It’s really exciting to see how these programs can have a ripple effect for generations to come. Continuing along that vein, what are you seeing as the impact of 2U-powered HBCU programs on students so far?
Ryan: When speaking with our students and applicants, the first thing we do is unpack their limiting beliefs—things related to their age, finances, and relationships that they may have been dragging around for years. I’m able to help them navigate these and turn their dreams into goals. For example, one student who comes to mind already has a successful career as deputy editor at Complex Magazine but still desired a degree from Morehouse. He shared that he grew up in an Ohio neighborhood where Black people were routinely arrested and accosted. Success for people who look like him was very limited. He wanted to break that cycle in his community and household. Being able to go online was important for him, too, and 2U has provided him that opportunity, as well as a chance to build connections with other Black men in the program.
Krystal: For many Morehouse students, pursuing a bachelor’s online is such a big deal. Prior to entering the degree completion program, they had started college but had to stop for some reason. Maybe their parents got sick, they were experiencing mental health issues, or they had to start working to support their siblings. The reasons they gave for returning are consistent, too, relating to their family and community, circling back to “remembering who you are.” People want to be a part of this experience we’re so proud to be a part of: this family of HBCU alumni.
Dorenda: One student, a computer science senior at Norfolk State University, stands out for me. She had some exposure to coding and tech programs, but no experience in the backend. The Netflix Pathways Bootcamp added this to her resume, and with the skills she learned, she was able to develop a website to bring people together in the pandemic. After the program, she interviewed with Amazon, Pinterest, and Netflix, and was ultimately offered an internship with Disney, which she’ll be starting in the summer. The program is so supportive, and helps bring about tangible results.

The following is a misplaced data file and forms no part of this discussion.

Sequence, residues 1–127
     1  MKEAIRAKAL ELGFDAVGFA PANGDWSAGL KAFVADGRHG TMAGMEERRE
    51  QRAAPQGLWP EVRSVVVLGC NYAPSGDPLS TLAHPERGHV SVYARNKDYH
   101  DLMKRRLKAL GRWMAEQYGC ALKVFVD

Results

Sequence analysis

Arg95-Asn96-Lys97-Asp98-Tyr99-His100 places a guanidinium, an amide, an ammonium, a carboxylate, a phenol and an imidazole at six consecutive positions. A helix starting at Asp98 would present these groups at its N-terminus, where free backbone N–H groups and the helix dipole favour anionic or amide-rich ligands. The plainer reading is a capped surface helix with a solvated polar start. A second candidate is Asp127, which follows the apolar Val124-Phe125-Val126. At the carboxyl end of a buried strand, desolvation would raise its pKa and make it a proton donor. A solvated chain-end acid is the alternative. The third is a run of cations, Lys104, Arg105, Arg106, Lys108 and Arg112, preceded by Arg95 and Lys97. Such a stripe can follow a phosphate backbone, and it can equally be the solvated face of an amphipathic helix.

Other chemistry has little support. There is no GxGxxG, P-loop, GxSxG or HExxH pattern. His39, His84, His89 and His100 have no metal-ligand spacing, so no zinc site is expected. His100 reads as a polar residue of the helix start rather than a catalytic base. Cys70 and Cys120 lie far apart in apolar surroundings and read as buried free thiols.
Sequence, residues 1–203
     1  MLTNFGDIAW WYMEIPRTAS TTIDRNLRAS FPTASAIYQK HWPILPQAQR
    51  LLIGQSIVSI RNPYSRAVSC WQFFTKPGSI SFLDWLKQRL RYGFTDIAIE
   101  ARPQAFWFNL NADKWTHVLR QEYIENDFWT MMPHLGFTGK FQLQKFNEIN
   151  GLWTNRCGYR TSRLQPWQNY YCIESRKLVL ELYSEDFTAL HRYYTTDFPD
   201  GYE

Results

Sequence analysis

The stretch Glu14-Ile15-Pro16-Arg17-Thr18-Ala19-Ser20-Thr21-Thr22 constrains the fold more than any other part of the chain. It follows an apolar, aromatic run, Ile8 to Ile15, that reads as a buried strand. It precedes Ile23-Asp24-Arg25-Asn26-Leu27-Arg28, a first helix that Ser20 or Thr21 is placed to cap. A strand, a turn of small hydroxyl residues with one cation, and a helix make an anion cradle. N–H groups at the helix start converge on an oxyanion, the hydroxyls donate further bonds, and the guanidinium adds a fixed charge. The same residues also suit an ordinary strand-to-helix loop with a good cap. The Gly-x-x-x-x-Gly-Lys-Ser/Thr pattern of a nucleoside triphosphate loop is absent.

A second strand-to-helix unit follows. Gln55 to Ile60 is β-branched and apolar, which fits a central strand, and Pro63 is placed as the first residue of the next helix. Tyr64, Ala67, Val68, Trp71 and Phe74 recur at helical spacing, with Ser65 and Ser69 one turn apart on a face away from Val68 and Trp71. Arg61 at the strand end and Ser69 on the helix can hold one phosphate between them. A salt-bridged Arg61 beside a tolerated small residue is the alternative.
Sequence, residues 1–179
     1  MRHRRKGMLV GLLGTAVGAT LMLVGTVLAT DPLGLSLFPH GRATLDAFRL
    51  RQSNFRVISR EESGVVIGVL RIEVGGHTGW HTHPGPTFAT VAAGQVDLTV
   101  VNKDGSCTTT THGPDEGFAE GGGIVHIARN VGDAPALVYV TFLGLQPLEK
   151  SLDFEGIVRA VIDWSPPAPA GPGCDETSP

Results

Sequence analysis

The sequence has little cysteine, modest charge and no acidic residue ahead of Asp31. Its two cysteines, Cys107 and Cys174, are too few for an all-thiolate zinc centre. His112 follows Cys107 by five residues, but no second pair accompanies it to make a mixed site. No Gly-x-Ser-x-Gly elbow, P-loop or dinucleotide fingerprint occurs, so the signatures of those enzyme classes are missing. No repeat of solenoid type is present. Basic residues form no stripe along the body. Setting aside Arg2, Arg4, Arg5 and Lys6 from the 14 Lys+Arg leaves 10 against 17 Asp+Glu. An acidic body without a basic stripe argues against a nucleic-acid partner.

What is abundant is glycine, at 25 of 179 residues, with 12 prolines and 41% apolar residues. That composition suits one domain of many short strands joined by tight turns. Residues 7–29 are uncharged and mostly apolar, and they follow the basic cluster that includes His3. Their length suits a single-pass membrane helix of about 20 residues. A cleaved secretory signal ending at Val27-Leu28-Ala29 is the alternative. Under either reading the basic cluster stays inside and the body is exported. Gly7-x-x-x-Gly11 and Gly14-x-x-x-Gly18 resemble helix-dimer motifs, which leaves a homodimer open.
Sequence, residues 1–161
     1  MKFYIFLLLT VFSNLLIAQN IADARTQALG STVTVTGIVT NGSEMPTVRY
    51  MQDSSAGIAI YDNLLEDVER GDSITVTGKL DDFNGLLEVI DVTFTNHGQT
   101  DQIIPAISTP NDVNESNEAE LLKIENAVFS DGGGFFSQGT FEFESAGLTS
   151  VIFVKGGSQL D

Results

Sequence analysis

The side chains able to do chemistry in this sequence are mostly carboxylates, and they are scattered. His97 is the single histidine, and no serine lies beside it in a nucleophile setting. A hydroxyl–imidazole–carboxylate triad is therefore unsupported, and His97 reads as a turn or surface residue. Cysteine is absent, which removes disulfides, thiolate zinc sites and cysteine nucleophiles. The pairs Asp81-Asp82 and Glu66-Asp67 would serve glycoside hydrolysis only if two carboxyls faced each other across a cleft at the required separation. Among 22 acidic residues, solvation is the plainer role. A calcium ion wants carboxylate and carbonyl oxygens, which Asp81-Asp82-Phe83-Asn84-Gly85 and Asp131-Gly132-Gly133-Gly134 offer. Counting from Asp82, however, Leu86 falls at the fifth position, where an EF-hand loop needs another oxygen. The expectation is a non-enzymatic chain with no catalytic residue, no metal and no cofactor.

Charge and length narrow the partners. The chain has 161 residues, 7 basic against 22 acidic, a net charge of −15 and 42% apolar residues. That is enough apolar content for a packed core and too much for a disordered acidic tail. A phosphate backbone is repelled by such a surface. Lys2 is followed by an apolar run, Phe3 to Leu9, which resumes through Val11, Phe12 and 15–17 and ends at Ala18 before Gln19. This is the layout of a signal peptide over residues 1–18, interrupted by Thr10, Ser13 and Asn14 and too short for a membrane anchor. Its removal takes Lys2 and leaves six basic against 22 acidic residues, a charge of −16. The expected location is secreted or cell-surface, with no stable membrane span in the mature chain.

Building an HBCU Community Online
Though their education is online, students in 2U-powered HBCU programs are still able to foster that sense of community that’s so important and unique to the HBCU experience. For example, Morehouse Online students, eager for connection, create group chats before class even begins. In the Netflix Pathways Bootcamp, students have opportunities to lead projects, host events, and even rub virtual shoulders in spaces like Gather, an interactive video chat platform.
Through 2U-powered programs, Black learners are pursuing degrees online and experiencing the feeling of belonging that HBCUs can provide. Their access to the HBCU experience isn’t limited by physical proximity—city, state, or country lines—they can aspire to learn from an HBCU anywhere at any time.
Interested in hearing other stories from HBCU grads? Meet four 2U employees who shared their HBCU Homecoming experience last October.